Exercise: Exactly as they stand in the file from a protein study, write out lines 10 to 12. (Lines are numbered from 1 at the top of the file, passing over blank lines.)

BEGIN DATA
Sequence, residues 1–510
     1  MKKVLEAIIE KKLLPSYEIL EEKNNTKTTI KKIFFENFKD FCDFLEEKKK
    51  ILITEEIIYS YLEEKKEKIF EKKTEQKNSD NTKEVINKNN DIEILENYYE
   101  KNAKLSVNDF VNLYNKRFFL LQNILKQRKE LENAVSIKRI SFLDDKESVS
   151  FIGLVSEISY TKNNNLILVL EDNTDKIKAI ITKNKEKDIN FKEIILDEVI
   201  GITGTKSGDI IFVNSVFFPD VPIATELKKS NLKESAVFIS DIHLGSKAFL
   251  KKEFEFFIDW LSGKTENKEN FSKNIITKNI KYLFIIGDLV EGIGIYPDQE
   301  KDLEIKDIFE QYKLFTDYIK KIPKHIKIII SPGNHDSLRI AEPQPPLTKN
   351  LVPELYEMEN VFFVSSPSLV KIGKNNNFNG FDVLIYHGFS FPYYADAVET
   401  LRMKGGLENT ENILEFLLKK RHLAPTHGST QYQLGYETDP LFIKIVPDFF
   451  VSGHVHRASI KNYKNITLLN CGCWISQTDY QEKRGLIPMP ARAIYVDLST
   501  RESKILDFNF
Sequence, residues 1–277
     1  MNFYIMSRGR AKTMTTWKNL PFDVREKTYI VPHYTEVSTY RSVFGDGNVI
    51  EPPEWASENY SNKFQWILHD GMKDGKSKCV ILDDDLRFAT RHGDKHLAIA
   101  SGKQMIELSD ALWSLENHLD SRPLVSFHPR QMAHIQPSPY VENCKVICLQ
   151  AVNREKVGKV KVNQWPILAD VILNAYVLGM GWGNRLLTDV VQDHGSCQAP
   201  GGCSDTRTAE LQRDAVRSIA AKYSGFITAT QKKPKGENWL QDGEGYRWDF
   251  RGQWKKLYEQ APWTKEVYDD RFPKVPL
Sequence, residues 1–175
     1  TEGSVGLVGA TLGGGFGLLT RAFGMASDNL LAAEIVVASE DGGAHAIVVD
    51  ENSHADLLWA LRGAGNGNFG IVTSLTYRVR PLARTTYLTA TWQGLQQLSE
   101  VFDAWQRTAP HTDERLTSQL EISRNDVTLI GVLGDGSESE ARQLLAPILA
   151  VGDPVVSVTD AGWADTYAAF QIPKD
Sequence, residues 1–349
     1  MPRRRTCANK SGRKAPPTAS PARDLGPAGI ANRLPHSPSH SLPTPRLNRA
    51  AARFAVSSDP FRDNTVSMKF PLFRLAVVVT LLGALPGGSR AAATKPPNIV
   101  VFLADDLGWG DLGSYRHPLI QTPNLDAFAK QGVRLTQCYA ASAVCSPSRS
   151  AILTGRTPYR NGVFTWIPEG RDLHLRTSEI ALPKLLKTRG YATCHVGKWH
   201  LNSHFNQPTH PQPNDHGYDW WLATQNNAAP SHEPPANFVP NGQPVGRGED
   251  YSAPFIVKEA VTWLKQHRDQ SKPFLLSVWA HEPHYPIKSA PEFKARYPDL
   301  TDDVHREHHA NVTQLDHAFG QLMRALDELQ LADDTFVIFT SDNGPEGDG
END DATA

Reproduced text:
   401  LRMKGGLENT ENILEFLLKK RHLAPTHGST QYQLGYETDP LFIKIVPDFF
   451  VSGHVHRASI KNYKNITLLN CGCWISQTDY QEKRGLIPMP ARAIYVDLST
   501  RESKILDFNF